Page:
The debate about referring to insurers as "insurance companies", or part of the "health care industry", can be solved by simply calling them "the Parasitic Insurance Protection Racket". [ This next part was sent, accidentally, as comment to the Bill Moyers story also about Wendell Potter. It belongs as comment here.] Saying that insurers use the same tactics as "tobacco" firms is a shade off-target. Top for-profit insurers ARE the cigarette industry in that they own billions of dollars of holdings in top cigarette manufacturers...and, for good measure, in manufacturers of tobacco pesticides. Google up "PNHP NEJM insurance tobacco" for info. This goes far to explain why such insurers use the cigarette makers' own deceptive name for themselves---"Tobacco Companies" if they just provide some traditionally-used natural plant product. Such insurers, and complicit chemical firms involved with the pesticides and chlorine contamination of typical cigarettes, and their allies in government and media, are understandably loath to call cigarette makers "the Pesticide-Contaminated, Chlorine-contaminated, Dioxin-delivering, Radiation-delivering Cigarette Industry". (Rads come from certain fertilizers.) To do so would be a long-overdue disaster for the insurers and the chemical and fertilizer cartels. If Wendell Potter touched on this scandalous angle, Big Insurance may well have already been packing its bags...making way for Single Payer.

A more significant question regarding the tactics of the health care industry, or the tactics of the tobacco industry, seems to do they get away with it? According to an Internet query I just performed, the FTC is still up and running. The first return on this query says "FTC: Working for U.S. consumer protection and a competitive marketplace." Entering their site, the banner touts: "FTC: Protecting Consumers". If we are going to continue to fund these various government agencies, when will we expect them to do their jobs? Continuing to add layer after layer of government intervention to cover for their previous mistakes is not going to give us any viable solutions. I'm almost sure there are respectable businessmen/women out there, if given the chance outside of a monopolistic environment, would be able to serve our economy in a more ethical manner. I'm not a believer of a lot of government intrusion, but history has taught us that greed has no conscience, and a small amount of guidance is unavoidable. Insurance companies may not be serving the needs of the population, but on the other hand, the government watchdogs have dropped the ball. Why not demand the FTC do their jobs, and give competition a chance--for once. I am not ready to throw in the towel yet, and am sorry to see so many people willing to concede yet another freedom to the U.S. Government.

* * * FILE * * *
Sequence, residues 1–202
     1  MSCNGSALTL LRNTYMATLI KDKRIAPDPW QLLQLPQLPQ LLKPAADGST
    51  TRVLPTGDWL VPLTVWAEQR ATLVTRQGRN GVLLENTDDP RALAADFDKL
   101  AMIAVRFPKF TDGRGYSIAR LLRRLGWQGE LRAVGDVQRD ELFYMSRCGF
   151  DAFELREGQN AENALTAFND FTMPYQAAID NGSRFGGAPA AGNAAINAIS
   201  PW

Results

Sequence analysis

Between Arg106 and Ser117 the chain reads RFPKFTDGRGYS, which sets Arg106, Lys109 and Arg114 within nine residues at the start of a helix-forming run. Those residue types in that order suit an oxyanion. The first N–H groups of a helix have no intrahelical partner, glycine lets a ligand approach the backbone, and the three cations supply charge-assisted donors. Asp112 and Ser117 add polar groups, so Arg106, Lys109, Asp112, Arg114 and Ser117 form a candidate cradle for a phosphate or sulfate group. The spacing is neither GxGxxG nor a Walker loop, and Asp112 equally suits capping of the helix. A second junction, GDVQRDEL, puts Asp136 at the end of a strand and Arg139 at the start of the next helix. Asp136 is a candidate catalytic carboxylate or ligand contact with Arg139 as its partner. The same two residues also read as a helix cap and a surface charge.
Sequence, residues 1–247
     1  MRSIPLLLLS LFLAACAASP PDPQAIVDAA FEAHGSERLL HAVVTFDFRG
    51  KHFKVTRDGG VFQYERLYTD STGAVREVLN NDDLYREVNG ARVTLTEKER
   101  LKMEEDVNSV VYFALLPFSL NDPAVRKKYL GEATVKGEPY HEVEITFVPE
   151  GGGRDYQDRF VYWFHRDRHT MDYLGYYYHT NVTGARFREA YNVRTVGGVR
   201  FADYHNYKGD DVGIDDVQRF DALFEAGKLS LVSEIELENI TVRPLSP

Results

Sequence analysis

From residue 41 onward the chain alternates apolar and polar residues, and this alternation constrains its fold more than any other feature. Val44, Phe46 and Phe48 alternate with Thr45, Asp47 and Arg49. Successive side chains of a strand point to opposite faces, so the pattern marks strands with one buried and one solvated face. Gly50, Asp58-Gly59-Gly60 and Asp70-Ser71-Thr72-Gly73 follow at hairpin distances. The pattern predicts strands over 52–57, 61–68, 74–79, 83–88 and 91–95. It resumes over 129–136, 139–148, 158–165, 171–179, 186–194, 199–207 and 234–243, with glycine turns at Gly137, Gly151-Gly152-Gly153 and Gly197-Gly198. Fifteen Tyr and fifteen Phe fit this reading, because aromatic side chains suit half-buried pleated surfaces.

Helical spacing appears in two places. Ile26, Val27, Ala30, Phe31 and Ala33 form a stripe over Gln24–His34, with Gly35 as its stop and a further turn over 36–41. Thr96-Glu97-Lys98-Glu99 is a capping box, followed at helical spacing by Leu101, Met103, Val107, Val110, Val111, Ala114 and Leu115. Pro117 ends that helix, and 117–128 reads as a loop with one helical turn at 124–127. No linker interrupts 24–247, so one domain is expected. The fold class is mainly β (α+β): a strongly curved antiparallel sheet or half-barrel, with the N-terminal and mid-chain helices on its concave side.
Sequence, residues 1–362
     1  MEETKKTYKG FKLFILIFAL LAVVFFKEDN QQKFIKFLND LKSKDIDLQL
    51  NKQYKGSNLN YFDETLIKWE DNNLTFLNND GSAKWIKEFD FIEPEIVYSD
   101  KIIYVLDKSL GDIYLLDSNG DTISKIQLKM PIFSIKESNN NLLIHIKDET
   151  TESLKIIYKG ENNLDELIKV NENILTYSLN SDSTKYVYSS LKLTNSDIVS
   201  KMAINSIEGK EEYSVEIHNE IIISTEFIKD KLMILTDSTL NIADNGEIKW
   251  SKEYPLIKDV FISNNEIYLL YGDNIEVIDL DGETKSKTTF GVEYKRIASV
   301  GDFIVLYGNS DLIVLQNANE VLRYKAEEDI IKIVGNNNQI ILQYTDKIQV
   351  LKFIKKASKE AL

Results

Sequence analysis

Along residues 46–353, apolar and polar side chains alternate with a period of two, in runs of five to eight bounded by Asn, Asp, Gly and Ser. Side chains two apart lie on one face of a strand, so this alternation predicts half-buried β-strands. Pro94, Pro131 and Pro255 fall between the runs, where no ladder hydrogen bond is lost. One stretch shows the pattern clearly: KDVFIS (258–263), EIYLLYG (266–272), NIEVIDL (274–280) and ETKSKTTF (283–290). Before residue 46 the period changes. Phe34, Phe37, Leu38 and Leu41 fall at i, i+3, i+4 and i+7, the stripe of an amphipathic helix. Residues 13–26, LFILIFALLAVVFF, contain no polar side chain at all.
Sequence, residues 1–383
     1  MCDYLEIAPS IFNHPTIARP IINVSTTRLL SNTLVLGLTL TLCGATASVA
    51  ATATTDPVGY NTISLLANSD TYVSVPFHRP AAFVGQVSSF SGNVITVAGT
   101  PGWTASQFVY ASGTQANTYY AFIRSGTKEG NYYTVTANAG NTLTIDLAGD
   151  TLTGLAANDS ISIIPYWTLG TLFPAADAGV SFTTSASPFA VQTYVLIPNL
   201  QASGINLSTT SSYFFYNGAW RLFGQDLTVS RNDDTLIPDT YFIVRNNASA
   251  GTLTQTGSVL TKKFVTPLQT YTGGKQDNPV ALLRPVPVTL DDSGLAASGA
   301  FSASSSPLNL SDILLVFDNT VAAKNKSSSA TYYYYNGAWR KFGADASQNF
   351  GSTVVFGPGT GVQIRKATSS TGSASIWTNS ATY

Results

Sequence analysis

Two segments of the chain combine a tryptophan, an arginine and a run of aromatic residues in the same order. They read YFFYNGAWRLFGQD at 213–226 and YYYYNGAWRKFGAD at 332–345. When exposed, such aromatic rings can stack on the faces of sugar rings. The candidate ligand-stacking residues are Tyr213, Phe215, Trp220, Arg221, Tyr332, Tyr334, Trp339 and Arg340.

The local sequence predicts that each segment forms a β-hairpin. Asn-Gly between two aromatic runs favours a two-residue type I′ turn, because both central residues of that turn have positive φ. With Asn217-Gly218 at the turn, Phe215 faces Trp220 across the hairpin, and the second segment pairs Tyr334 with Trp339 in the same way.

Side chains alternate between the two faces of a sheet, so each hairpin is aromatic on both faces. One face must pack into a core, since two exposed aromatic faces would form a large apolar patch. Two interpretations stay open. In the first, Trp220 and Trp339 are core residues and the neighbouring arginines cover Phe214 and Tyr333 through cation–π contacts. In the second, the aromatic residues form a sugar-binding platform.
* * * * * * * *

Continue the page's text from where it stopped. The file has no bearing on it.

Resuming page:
Dear Mr. Potter: We are bombarded every day on TV with Republican talking heads, spouting about socialism and 'government take-over' of health care. We see carefully-crafted paid messages from our friends in the health insurance money machine, warning about impending doom for our country if that dangerous Socialist has his way with health. Most of this is paid for out of profits that insurance companies made from our outrageous payments for our health care. On the other side of the issue, we often see Democrats quoted on the news, talking about the mechanics of getting passage for a bill about which we know almost nothing. We know they've been wrangling over something, but what exactly, nobody tells. Yes, of course we hear about no denials for pre-existng conditions, affordability, and quite a lot of blather about costs and how to pay them. I think there should be some simple way to raise and sharpen problem awareness. To present some few bare facts about American health care, touted by many as the best in the world. Not just some emotional advert intoning "we really need health care, now!" Put the facts out for all to see, for example: 1. Health care expenditure, per capita in our country compared to some other developed nations, such as France, UK, Germany, Japan. 2. Approximate amount of that huge number that is burned up in administrative costs, compared, if possible to the countries enumeratred above. In our case, comparative percentages of Medicare vs. the profit-oriented insurers. 3. A ranking of life expectancy and infant mortality, in the same list of countries. ARE WE GETTING WHAT WE PAY FOR? Where, indeed, is the beef? Somebody, presumably one or more of our elected representatives, should be telling us what exactly it is they are trying to enact, even if it changes day to day. How about a running chronicle of amendments and deletions, including who was responsible? How about a clear statement from somebody about the Features, Advantages and Benefits of the proposed bill? We need a managed communication strategy to confront that Billion-dollar Megaphone being powered by the opponents of change. Whatever happens on the progressive side of the argument is disjointed and uncoordinated. This is a job that could be managed by a person like yourself, with extensive experience in managed communications. This is really urgent, and we run the very real risk of simply being out-shouted by the other side. CW+++